Heavy Duty: Vehicle Stability Systems

Stability and rollover systems: Can your fleet afford NOT to have these?


“We have gone for some new technology and sometimes it’s worked out great and sometimes it’s kind of burned us,” Husted says. “We have a tendency to kind of wait and see and let other people test it out.”

Husted says the ROI was definitely the cherry on top.

“The cost was so negligible, it was kind of a no-brainer,” he says. “With these two accidents, just the on-site clean-up bills were over $10,000, not including repairing damage to vehicles, freight and everything else, so it’s very easy to justify. Those two rollovers more than paid for those systems on those 25 trucks.”

STABILITY SYSTEMS

Roll stability and electric stability are the main two systems and are known variously as Roll Stability Advisors (RSA) or Roll Stability Control (RSC) systems, and Electronic Stability Control (ESC) or Electronic Stability Programs (ESP). All provide varying degrees of alerts and actions during a variety of loss of control situations.

Roll Stability Advisors are passive systems that do not provide an immediate warning of an impending rollover, but send a message within seconds after an event for future training. Sensors monitor lateral force information and determine when to issue audible/visible alerts. Length and message of the wording and the length of the audible alert depend on the risk and the system’s recommendation to reduce speed.

Roll Stability Control systems actively intervene if they detect a high rollover risk due to excessive speed in a curve, reducing throttle and applying engine and foundation brakes. Generally integrated with an anti-lock braking system, some are integrated with electronically controlled braking systems.

Electronic Stability Control and Electric Stability Programs actively intervene during a high risk of a rollover or yaw instability. The electronic control unit continuously compares the vehicle’s movement to performance models, using input from the wheel speed sensors as well as lateral, yaw and steering angle sensors. These systems can brake individual wheels to prevent spinning or plowing out and can be integrated with electronically controlled or anti-lock braking systems to help keep the truck under control during extreme maneuvers by monitoring natural steering reaction.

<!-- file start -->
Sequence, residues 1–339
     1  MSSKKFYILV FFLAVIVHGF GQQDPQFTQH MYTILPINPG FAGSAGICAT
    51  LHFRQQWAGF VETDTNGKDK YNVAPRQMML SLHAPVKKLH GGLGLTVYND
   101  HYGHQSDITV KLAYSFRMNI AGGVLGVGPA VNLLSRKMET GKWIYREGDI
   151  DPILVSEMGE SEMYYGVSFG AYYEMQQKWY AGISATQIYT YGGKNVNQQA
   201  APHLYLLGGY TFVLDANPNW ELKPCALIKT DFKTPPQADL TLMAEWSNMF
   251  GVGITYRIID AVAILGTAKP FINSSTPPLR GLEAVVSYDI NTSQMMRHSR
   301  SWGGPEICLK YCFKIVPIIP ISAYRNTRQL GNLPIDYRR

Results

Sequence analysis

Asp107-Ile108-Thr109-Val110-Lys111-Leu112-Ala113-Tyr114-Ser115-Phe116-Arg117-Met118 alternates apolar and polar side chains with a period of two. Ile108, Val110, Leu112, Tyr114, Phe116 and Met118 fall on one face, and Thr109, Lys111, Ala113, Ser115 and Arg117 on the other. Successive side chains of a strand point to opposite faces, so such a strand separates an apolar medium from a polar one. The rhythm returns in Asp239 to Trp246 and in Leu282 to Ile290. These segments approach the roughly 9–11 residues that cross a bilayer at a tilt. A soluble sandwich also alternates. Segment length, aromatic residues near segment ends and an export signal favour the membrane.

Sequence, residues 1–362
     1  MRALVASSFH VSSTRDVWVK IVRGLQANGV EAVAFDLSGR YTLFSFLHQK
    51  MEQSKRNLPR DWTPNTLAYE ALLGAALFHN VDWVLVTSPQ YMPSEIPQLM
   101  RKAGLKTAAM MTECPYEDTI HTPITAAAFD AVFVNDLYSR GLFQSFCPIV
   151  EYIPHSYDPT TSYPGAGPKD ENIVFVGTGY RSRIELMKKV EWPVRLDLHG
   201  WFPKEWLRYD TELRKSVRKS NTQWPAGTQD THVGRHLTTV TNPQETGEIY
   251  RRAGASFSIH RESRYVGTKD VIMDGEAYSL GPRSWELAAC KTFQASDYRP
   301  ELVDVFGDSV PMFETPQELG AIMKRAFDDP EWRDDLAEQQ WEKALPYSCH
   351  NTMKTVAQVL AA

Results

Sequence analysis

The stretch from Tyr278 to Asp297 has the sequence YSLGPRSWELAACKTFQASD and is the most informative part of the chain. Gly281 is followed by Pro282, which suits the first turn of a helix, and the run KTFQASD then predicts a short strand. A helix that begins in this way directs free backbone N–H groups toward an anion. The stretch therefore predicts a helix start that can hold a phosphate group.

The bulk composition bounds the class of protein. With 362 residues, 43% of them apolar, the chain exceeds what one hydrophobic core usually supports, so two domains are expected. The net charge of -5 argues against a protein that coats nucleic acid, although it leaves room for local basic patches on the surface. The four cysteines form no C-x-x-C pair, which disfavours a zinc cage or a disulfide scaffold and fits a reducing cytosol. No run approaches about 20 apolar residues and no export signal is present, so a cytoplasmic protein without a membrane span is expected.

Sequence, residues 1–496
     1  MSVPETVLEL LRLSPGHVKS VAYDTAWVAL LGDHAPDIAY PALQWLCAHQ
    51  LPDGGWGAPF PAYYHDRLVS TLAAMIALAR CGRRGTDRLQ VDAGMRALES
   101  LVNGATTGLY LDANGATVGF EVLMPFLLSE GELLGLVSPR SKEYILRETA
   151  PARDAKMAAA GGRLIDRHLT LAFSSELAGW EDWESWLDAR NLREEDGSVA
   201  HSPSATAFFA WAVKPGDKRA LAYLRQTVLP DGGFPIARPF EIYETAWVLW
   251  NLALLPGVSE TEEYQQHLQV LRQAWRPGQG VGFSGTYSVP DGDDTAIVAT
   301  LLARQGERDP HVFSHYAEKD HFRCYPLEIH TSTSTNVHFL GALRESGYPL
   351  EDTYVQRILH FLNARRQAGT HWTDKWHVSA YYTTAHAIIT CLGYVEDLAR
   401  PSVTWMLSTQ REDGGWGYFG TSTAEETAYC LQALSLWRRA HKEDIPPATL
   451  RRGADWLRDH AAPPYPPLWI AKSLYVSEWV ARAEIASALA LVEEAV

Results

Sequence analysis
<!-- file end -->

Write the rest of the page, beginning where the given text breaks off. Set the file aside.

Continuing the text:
If the truck shows a tendency to leave an appropriate travel path or if critical threshold values are approached, the system will intervene. If it detects a potential rollover risk, it reduces throttle and applies proper brake pressure to slow the vehicle. If it detects an over-steer or under-steer, it reduces throttle and applies the appropriate individual brakes to provide counter-force. During an over-steer, it applies the outside front brake; during an under-steer the inside brake.

Both types of systems are generally installed by OEMs, but some may be installed as an aftermarket accessory. Costs vary greatly, depending on a system’s capability.

MERITOR/WABCO

Troy, MI-based Meritor/WABCO offers three stability control systems; two for tractors and trucks and one for trailers—all based on ABS. All three primarily address excessive levels of lateral acceleration caused by excessive speed.

“You don’t need to reinvent the wheel,” says chief engineer Allan Korn. “It’s just more or less an upgrade.”

The roll stability system (released in 2003, with a few minor software changes since) measures lateral acceleration, and based on the mass of the vehicle and a few other parameters sets a threshold that will turn on the system when exceeded, says Korn.

“(It) will de-throttle the vehicle, send a command to the engine to limit torque, apply the engine brake and then the drive and trailer axle brakes,” Korn says. “The whole goal is to rapidly decelerate the vehicle, because that’s how you will reduce lateral acceleration, while maintaining proper control for the driver. So if you are going too fast around a curve, this system measures lateral acceleration and when it exceeds the threshold it automatically takes action to decelerate the vehicle so lateral acceleration is reduced and thus the rollover tendency is reduced.”

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